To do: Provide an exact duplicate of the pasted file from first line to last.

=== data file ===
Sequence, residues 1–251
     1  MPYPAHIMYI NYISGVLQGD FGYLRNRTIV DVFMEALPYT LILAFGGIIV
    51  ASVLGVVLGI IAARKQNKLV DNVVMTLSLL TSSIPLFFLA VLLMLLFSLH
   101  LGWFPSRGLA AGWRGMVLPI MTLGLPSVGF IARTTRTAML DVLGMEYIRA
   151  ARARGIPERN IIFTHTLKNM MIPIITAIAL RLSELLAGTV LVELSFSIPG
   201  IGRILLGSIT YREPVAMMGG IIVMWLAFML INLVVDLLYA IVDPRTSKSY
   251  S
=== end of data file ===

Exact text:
Sequence, residues 1–251
     1  MPYPAHIMYI NYISGVLQGD FGYLRNRTIV DVFMEALPYT LILAFGGIIV
    51  ASVLGVVLGI IAARKQNKLV DNVVMTLSLL TSSIPLFFLA VLLMLLFSLH
   101  LGWFPSRGLA AGWRGMVLPI MTLGLPSVGF IARTTRTAML DVLGMEYIRA
   151  ARARGIPERN IIFTHTLKNM MIPIITAIAL RLSELLAGTV LVELSFSIPG
   201  IGRILLGSIT YREPVAMMGG IIVMWLAFML INLVVDLLYA IVDPRTSKSY
   251  S